I'm honestly surprised that Viacom even allows MTV one of their subsidiaries to release games through EA when Viacom is in with Activision. I don't see the suit going very far because of this.
Viacom is the definition of a greedy, bully corporation. They use thier money and influence to push around and beat up on smaller companies. They probably deal with a dozen Harmonixs a week, and probably lose to very very few. You dont become Viacom by letting pissant companies like ?Harmonix show you up. Go Go Harmonix!
What a bunch of s***. Harmonix needs to grow up and get over it. Viacom made the smart move for dumping them.
i know its the synthesis of me being a gamer and a law student, but i really want to see viacoms SJ Motion in response...then assuming it doesnt settle, which it likely will, id love to see the motions on the briefs.
Go Harmon... wait... Go Viac..... oh yeah none of us knows what's really going on because this is what Harmonix claims Viacom "allegedly" did... This isn't fact yet. Those of you that say "go Harmonix" just say that because they make a game you like. Gotta love comments here on business news.
i think viacom had this coming since they're going out of their way to screw harmonix. first they announce that they're going to drop a company that produces the best rhythm game available and then they say they want a "substantial refund" of the money they paid that company in bonuses (for doing exactly what they were paid to do) BACK? that's just cold
As much as Viacom was just using typical business mentality by getting rid of something that wasnt going to make them much more money, I still have to say good on Harmonix. I just find it wrong that Viacom can so quickly get rid of the developer that produced the most refined rythm game we have yet to see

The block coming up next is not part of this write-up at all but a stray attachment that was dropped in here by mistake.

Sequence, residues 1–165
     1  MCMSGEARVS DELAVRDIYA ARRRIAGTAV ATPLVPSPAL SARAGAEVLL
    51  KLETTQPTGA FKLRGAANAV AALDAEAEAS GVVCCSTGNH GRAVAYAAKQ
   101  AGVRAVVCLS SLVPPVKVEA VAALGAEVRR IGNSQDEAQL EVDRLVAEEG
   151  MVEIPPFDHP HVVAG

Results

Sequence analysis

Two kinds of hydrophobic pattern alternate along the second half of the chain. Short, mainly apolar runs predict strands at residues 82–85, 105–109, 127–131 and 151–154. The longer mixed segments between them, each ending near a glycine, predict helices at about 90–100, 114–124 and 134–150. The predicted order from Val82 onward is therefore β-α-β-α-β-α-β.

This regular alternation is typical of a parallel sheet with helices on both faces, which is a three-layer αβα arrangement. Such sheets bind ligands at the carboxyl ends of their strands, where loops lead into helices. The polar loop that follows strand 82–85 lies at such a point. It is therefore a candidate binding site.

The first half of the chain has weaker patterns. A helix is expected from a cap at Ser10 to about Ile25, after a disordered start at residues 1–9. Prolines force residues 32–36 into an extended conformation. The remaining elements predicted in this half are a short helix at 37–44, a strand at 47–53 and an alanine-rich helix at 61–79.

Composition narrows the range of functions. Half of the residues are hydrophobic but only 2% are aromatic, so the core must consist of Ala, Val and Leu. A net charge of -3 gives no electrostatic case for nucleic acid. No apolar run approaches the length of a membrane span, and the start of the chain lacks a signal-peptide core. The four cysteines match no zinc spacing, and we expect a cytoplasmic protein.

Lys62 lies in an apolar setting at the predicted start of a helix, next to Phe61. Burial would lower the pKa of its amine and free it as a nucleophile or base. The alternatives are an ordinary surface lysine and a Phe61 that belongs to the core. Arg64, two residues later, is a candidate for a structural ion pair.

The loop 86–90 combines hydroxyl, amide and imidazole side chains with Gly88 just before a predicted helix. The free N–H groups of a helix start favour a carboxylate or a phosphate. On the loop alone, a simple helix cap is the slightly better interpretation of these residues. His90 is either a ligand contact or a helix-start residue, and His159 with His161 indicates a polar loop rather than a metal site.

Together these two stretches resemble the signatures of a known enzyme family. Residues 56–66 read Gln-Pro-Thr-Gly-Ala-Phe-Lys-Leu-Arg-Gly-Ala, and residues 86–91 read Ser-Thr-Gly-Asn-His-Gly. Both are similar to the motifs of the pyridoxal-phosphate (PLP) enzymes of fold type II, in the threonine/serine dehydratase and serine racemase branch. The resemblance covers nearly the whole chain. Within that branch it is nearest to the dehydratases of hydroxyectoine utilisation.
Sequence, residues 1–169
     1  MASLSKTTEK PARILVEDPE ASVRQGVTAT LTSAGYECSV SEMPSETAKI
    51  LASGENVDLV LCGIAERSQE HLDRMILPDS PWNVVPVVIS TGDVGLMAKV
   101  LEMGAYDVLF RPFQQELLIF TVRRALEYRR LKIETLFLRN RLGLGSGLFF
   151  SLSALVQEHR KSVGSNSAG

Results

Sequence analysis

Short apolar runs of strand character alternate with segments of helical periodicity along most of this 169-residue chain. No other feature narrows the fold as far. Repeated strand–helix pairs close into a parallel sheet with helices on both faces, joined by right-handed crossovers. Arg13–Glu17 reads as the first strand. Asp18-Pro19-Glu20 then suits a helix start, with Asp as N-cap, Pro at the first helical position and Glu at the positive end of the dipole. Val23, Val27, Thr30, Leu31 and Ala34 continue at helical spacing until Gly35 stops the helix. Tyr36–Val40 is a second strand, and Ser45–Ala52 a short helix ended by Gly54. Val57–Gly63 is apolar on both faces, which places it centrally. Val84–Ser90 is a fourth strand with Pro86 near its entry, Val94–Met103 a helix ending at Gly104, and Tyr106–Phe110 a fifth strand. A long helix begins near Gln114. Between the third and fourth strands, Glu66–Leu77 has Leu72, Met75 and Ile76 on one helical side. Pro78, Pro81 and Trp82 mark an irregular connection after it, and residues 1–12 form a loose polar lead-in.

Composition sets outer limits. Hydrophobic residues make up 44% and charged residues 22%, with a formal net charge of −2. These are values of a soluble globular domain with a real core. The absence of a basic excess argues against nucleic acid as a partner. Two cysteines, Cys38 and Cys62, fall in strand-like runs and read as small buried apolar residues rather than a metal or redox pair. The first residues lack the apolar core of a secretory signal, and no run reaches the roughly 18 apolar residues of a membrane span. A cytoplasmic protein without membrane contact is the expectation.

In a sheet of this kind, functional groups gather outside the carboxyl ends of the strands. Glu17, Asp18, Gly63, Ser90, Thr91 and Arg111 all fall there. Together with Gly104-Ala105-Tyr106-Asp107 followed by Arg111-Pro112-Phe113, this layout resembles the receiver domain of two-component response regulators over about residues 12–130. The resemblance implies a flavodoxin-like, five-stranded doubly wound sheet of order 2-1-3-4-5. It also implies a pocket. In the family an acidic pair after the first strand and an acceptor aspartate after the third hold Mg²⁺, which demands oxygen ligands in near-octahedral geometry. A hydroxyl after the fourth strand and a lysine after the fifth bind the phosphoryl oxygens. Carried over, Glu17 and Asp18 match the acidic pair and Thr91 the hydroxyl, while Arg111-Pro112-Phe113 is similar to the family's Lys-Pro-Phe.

Activision ruined the genre. That's what happens when you beat it to death with the same crap. You force other people to do the same.
Here's what damaged these music games in my opinion. 1.) Having to constantly buy new "hardware" in the form of guitars, drums, pianos, mics. Some of those items would break easily forcing a replacement. (Not cool.) 2.) Guitar Hero flooding the market without really adding anything new except for "buy more kits." The innovation kind of stopped appearing and I wouldn't call that terrible music maker a real innovation. 3.) Limited singleplayer appeal. There's a reason why not everyone is a musician. Only die hard fans of the game try to practice and master all songs, but most people just casually play a few tunes. Well, most people who just casually play will get bored of playing by themselves. 4.) Same thing with singleplayer, unless you have a big family who also game, it's difficult to always get at least 3 other friends (4 with keyboard) to come over and play. Unless you're hosting a party every week most of the time that game will sit in the shelf unused because you can't get your friends to come over. In my situation my friend actually has brothers who love to play the game and would probably buy every rockband release that would come out, but not everyone has a small army living in the same home. These games were a great idea, unfortunately the market was just too niché for it to really be successful.
A bunch of greedy people suing each other for being greedier. Business as usual, nothing to see here people, move along.
Heres a better idea. Why not sue Activision . They have released god knows so many Guitar Heros in a year that move itself caused a significant damage to the music industry.
@stalkerx3000 I really wouldn;t blame the economy on this one so much as i would blame unnecessary greed.
If you feel that someone benefited from or copied off your work without permission or full reimbursement, you absolutely have the right to sue and should. It is theft of work and potential. Last time I checked, theft was bad.